If you want to get defensive at shortstop in baseball, there’s no better place to be than the American League West.
The West features three of the best defensive shortstops in baseball, including two in Elvis Andrus and Erick Aybar who are also solid offensive players. Seattle’s Brendan Ryan may have one-upped the both of them last year with his defensive work at short.
Here’s a look at the team rankings of the shortstops in the West.
1. Texas – Plenty of Texas fans are already lamenting what’s going to happen when Elvis Andrus’ current contract expires after the 2014 season. They should enjoy what they have instead. Andrus, who is entering just his fifth season in the majors, is already a two-time All-Star with some of the best range in baseball and an ever-improving offensive game. Andrus is coming off a season in which he set career highs in games plays, at-bats, hits, doubles, triples and RBI. If that weren’t enough, his .286 average was a career best as were his numbers for on-base percentage, slugging percentage and OPS. And he’s still just 24. He also cut his error total from 25 to 16 and matched his best fielding-percentage number. One area Andrus said he’d like to improve in for 2013 is in the stolen-base department. His 21 steals in 2012 were a career low but he should benefit from the team’s renewed plan to be more aggressive on the bases.
Team production in 2012: .281 average, 3 home runs, 63 RBI, .717 OPS
Expected production in 2013: .300 average, 5 home runs, 70 RBI, .725 OPS
1. Los Angeles – Erick Aybar has never been to an All-Star Game but the Angels would be in trouble without their steady shortstop. Aybar, who won a Gold Glove in 2011, has been a consistent force in the Los Angeles lineup. He’s played in at least 137 games in each of the last four seasons and has scored between 67 and 71 runs in each of the seasons. Aybar batted .290 last season with eight home runs, 45 RBI and stole 20 bases. That’s a typical Aybar season as the Angels can pencil him for 150 hits and solid play in the middle of the infield every year. Fans of defensive sabermetrics also like the consistency of Aybar, who ranked in the top five at shortstop in range factor for three-consecutive years. He doesn’t make as many flashy plays as Andrus or cover as much ground, but he makes every play he’s supposed to.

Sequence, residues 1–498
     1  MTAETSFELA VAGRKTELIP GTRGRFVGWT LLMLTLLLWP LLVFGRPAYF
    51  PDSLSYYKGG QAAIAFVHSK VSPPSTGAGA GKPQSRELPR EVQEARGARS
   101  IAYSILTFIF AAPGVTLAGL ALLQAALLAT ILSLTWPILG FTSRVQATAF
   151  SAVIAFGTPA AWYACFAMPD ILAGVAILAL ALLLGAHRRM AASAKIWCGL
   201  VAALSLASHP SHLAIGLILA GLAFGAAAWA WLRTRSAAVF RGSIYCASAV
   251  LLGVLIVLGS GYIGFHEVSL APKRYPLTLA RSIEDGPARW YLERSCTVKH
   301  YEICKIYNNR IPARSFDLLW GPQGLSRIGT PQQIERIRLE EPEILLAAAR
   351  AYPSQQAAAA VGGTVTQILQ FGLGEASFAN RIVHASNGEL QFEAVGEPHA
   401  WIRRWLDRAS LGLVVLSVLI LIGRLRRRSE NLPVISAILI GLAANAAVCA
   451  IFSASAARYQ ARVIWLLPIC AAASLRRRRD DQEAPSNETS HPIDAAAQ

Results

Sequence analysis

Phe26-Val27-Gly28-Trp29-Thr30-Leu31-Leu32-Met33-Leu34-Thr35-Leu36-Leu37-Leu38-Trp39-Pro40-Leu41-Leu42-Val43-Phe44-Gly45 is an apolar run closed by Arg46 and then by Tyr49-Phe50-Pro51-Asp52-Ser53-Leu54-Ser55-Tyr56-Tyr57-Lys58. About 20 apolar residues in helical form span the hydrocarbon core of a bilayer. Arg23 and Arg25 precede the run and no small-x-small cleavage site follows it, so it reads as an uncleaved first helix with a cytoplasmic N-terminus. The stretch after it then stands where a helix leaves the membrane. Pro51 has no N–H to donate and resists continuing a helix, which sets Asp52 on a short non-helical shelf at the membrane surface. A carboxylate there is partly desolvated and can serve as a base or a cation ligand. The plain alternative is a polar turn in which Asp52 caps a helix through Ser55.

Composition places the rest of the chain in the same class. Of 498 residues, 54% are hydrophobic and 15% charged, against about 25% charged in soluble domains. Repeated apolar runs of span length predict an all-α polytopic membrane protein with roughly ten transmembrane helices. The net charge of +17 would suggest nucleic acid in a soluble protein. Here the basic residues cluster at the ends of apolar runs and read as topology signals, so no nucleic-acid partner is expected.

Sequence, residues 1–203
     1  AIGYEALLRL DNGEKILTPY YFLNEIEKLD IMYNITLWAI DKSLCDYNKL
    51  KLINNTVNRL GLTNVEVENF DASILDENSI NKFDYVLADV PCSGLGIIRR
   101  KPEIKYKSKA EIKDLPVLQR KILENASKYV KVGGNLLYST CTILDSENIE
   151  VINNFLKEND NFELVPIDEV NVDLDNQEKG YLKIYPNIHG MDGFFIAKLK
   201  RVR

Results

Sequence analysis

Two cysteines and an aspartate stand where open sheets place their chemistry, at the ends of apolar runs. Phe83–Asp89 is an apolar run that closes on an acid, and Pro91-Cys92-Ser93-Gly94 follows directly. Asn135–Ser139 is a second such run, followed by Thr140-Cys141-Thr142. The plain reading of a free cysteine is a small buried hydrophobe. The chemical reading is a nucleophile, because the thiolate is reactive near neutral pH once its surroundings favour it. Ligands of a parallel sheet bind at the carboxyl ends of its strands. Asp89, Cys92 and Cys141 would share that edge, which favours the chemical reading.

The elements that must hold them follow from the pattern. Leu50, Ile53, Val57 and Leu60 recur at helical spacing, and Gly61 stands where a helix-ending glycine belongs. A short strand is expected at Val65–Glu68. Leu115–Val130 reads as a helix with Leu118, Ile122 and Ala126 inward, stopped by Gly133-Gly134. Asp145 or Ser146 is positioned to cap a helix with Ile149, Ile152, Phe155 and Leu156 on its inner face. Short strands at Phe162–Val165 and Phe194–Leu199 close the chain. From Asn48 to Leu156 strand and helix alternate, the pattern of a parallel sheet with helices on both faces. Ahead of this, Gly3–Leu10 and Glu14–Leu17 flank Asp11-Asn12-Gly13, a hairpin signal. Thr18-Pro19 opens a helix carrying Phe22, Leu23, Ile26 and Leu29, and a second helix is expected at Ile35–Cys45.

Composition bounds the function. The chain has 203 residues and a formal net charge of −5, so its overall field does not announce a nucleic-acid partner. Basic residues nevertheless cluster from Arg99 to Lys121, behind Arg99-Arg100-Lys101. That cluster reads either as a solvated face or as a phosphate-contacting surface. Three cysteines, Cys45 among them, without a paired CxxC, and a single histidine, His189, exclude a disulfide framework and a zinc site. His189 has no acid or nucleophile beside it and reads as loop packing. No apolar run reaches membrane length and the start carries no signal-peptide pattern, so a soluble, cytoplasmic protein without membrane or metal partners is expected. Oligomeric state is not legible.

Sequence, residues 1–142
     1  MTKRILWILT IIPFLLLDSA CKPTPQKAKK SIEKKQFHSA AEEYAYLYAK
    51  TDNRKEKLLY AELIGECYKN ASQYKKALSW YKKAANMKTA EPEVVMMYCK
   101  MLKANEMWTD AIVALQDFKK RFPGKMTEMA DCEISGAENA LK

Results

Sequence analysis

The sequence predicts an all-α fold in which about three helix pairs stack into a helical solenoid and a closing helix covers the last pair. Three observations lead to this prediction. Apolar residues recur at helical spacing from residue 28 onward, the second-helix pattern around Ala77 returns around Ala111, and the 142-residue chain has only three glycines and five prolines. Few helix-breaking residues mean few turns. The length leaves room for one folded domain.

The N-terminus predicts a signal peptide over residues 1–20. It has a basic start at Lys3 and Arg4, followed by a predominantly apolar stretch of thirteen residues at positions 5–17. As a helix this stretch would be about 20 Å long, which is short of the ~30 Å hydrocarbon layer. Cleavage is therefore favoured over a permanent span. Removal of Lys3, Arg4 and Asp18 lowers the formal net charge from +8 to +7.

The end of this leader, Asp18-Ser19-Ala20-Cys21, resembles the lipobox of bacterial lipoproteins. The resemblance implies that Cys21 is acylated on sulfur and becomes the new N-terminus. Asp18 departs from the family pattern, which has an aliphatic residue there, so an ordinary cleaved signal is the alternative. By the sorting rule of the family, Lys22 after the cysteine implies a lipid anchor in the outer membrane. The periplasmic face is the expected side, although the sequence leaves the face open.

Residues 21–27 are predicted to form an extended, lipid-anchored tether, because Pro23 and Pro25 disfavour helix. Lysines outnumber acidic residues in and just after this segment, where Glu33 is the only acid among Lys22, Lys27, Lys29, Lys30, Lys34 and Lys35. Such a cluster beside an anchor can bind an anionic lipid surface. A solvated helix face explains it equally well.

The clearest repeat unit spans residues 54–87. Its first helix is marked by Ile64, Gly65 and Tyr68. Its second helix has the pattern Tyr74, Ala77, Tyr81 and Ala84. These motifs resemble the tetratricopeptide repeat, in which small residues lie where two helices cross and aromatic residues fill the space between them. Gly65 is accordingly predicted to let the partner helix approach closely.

Team production in 2012: .293 average, 9 home runs, 54 RBI, .740 OPS
Expected production in 2013: .290 average, 10 home runs, 60 RBI, .725 OPS
1. Seattle – It’s hard to believe that Brendan Ryan spent his first two big-league seasons bouncing around the infield trying to find his place in St. Louis. He’s found it at short in Seattle. He’s started at least 120 games at short for the Mariners in each of the last three seasons. While both Andrus and Aybar are solid offensively, it’s primarily on defense that Ryan excels. Not only did he only make nine errors in 2012, but he ranks second among active shortstops in range factor per nine innings and won the Fielding Bible Award at shortstop last season. If Ryan could only hit, he’d be among baseball’s elite shortstops. But Ryan batted a paltry .194 last season with just three home runs and 31 RBI. He’s never had a season in which he’s hit more than four homers or had more than 39 RBI. When he does get on base, it’s normally a single too as Ryan’s never reached 30 extra-bases in a season. Both Andrus and Aybar eclipsed that mark in doubles alone last season.
Team production in 2012: .196 average, 3 home runs, 39 RBI, .543 OPS
Expected production in 2012: .225 average, 4 home runs, 40 RBI, .600 OPS
1. Oakland – The Athletics didn’t just go outside the organization for a shortstop this season, they went outside the country. Oakland signed Japanese veteran Hiroyuki Nakajima to a two-year deal for $6.5 million. He was a middle infielder with power in Japan, reaching the 20-homer mark three times and posting three 90 RBI seasons. Nakajima has struggled at the plate early this spring and has been erratic in the field too. If he falters, Oakland does have security behind in with the versatile Jed Lowrie, who was acquired from Houston. Lowrie started 90 games at short for the Astros last season and set a career high with 16 home runs but batted just .244. Both Lowrie and Nakajima will be better than what the Athletics got out of short last season, when no Oakland shortstop had more than five home runs or 18 RBI.
Team production in 2012: .203 average, 12 home runs, 46 RBI, .585 OPS
Expected production in 2013: .250 average, 15 home runs, 60 RBI, .650 OPS
1. Houston – The Astros have a shortstop of the future in Carlos Correa. Unfortunately for fans of Houston this year, Correa won’t be playing this season as he’s just 18 after being the No. 1 pick in last year’s draft. At shortstop this season, the Astros are going to have to make do with the likes of journeyman Tyler Greene, who has all of 621 at-bats under his belt. Marwin Gonzalez has also had a solid spring but only has 205 at-bats in the big leagues. Jake Elmore and his 68 at-bats is also an option. With those options, you can see why the Astros are pinning so much hope on Correa.
Team production in 2012: .243 average, 25 home runs, 63 RBI, .723 OPS
Expected production in 2013: .220 average, 10 home runs, 40 RBI, .600 OPS